From his interview with Calgary Metro News:
“Because of that I have been a strong promoter of the Keystone XL pipeline and also a harsh critic on the way the prime minister has approached pushing the Keystone XL pipeline. To my mind, the only thing that has prevented Keystone XL from getting approved already in the United States – and what has allowed it become such a polarizing issue, with celebrities weighing in and all sorts of people having very strong opinions even though there is not necessarily all that many facts going around in many of the conversations – is that the prime minister hasn’t done a good enough job of demonstrating a level of commitment to doing it right and upholding environmental protections and regulations. That’s what President Obama has said many times – that he needs to see concrete action from Canada – and what we get is all words. So I’m very much a proponent of Keystone XL.
“For similar reasons, I’m not a proponent of the Northern Gateway Pipeline … which runs through the Great Bear Rainforest, which has spectacularly failed at getting community buy-in from First Nations communities and from local communities that could be potentially affected by it. And it’s not just an environmental argument, it’s also an economic argument. There are 20,000 British Columbians who make their living on the sea around Haida Gwaii and on the Pacific Coast. They would all be in peril – those jobs, those livelihoods – with a catastrophic accident, which, unfortunately, is all too capable.
"So, my intent is to make sure we send Enbridge back to the drawing board for that. I am, however, very interested in the Kinder Morgan pipeline, the Trans Mountain pipeline that is making its way through. I certainly hope that we’re going to be able to get that pipeline approved. And I hope that Kinder Morgan learns from Enbridge’s experience of short-cutting or going too light on community buy-in. Ultimately governments grant permits, but only communities grant permission.”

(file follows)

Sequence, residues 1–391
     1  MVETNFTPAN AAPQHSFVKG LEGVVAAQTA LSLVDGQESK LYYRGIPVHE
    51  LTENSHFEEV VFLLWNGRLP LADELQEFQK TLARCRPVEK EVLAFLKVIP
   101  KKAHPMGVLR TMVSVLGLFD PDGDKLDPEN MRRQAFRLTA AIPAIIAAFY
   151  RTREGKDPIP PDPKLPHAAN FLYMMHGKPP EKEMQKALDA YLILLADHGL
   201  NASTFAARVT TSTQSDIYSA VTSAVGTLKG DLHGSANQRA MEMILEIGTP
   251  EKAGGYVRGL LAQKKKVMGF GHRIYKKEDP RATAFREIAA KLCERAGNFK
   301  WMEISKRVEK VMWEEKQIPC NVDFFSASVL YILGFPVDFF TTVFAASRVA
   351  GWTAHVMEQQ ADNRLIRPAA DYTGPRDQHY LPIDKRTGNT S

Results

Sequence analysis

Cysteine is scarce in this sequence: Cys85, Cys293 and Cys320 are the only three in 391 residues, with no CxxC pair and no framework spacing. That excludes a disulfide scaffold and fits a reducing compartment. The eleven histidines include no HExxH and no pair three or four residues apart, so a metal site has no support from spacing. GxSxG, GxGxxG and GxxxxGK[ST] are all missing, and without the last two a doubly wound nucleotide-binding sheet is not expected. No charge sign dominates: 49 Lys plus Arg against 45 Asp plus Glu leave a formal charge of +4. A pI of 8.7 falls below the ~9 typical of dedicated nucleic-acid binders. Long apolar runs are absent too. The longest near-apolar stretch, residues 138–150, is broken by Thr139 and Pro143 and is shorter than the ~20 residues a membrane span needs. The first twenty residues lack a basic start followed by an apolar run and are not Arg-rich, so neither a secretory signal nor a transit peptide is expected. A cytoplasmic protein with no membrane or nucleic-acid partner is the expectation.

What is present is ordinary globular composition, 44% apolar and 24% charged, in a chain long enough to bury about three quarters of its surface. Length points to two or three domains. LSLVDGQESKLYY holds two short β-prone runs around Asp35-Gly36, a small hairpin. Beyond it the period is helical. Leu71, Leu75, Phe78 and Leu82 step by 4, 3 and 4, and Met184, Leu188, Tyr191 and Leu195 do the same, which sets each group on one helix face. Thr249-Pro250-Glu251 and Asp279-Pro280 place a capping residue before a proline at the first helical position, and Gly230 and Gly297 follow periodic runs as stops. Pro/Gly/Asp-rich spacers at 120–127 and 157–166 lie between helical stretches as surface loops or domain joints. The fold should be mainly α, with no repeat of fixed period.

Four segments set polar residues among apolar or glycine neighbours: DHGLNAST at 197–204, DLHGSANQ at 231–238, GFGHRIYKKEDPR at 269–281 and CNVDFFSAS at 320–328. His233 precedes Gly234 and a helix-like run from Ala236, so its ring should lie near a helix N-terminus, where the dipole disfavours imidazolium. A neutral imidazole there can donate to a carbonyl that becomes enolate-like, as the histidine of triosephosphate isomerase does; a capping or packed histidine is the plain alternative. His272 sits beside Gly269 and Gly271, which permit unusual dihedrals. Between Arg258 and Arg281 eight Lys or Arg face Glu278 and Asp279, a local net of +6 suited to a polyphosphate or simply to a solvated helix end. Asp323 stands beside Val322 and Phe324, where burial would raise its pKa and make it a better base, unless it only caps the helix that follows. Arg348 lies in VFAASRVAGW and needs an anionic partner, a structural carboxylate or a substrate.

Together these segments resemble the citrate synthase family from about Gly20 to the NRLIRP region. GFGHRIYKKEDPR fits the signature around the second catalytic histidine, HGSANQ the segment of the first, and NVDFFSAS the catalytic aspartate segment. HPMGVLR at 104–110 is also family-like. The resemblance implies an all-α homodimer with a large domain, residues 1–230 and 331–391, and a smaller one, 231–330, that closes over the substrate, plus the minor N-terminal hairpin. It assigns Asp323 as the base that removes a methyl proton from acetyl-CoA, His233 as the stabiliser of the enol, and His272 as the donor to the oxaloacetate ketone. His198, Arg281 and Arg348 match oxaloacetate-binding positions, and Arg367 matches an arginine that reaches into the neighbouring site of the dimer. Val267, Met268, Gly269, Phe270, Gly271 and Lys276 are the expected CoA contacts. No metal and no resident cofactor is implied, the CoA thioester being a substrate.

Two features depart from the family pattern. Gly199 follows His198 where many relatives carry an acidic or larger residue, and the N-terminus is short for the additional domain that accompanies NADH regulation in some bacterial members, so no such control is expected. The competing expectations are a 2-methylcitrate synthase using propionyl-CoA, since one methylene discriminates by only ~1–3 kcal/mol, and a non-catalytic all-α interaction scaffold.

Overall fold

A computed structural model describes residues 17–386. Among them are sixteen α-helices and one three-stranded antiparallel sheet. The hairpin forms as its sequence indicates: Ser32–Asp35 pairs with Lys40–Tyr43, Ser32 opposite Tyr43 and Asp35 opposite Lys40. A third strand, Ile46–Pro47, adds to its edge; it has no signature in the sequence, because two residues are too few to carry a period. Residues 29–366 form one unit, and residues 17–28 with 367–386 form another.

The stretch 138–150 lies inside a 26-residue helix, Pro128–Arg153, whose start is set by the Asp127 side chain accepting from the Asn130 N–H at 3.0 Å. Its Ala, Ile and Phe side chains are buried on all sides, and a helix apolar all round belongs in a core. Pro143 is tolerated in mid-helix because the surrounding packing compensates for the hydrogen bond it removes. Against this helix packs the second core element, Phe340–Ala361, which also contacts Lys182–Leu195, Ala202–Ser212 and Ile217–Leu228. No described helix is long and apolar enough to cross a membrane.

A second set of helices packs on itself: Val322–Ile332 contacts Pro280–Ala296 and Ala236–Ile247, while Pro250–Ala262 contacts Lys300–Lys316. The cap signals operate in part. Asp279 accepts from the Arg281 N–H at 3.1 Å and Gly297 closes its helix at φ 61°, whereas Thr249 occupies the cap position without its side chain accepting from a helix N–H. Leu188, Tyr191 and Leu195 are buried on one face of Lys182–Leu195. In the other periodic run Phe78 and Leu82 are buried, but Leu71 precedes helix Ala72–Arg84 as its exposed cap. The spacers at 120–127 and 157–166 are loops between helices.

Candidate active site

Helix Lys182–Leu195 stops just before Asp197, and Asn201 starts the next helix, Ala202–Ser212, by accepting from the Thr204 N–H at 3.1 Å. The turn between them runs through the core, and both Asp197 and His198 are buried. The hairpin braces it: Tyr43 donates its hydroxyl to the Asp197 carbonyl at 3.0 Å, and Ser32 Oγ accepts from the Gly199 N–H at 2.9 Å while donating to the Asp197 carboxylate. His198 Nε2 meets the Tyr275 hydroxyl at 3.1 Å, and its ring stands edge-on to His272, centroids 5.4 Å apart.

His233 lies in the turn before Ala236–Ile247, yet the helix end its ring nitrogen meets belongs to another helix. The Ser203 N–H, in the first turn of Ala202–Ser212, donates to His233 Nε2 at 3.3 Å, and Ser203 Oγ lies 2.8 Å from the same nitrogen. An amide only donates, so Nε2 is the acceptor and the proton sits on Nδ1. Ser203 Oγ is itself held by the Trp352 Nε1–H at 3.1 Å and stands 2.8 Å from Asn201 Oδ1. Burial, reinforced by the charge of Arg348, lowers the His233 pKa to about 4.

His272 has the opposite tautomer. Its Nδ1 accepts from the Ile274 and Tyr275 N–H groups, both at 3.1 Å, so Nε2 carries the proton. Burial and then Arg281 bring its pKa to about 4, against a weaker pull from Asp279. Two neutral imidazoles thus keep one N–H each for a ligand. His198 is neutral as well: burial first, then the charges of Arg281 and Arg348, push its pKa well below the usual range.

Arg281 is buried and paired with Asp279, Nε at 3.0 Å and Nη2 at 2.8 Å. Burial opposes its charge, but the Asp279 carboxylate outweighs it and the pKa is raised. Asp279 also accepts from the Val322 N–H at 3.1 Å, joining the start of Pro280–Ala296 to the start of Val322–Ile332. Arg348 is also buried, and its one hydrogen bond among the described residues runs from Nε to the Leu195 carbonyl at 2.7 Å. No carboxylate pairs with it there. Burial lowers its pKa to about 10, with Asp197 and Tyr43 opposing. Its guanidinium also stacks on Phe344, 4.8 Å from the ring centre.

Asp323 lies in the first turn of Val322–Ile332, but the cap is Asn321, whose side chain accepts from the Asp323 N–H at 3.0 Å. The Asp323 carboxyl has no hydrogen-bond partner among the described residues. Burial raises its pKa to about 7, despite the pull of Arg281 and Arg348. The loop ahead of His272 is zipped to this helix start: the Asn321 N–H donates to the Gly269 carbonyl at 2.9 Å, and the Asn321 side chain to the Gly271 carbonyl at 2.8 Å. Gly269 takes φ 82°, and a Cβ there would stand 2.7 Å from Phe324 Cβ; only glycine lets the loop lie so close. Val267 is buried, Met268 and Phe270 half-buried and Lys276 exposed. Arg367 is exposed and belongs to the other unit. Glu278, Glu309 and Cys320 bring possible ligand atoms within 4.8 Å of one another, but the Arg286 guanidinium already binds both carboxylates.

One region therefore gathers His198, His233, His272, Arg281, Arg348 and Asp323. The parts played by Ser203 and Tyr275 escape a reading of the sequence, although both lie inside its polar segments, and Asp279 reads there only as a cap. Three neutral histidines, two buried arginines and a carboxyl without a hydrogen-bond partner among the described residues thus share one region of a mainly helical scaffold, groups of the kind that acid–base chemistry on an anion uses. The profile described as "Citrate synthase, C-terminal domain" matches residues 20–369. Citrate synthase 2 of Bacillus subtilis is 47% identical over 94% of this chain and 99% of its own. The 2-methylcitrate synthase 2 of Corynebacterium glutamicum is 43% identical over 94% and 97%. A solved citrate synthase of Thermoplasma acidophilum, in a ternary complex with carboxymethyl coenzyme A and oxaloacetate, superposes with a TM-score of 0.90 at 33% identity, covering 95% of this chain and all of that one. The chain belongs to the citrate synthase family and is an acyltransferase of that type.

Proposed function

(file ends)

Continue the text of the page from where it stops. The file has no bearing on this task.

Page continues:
This is substantive, and pretty good positioning. Of course I would prefer than none of these pipelines go through, but I don't have to campaign for Prime Minister in Alberta.
Lets talk about them one by one
1) Northern Gateway. Should this actually come to the point where somone tries laying pipe, we will have national unity issues on our hands--ie BCers going apeshit. That would be bad for everyone involved. Remember, in B.C. the hippies kick you. So good on Justin for opposing it.
2) Keystone XL. Naturally, I am against this project and think everyone else should be as well. That said: what I think, and what Justin Trudeau thinks, and really even what Prime Minister Harper thinks, doesn't mean a thing. The Obama administration will do what it will on the basic of domestic political considerations. I suspect they will reject the line, or punt until after the 2014 mid-terms, but who knows? Which is why Canadian politicians favororing or disfavouring the line are engaging in empty theatrics: Mulcair opposes a line he can do nothing about, Trudeau favours one he can do nothing about. They might as well be for or against the sunrise. It will happen, or not, in spite of them. So, bottom line: I don't really care what their position is.
Although of course Justin is right about Harper's government fumbling the issue.
3) Kinder Morgan (Trans Mountain). This is the most interesting of the three cases. Opinion doesn't appear to have hardened on the West Cost for or against the line in the way it has in the case of Northern Gateway. And while I personally would like to see it halted, should the First Nations in its path, and property owners around Vancouver, become amenable, I would defer to them. And this appears to be the Trudeau position. Now, should local opinion turn against the line, I would hope he will reconsider.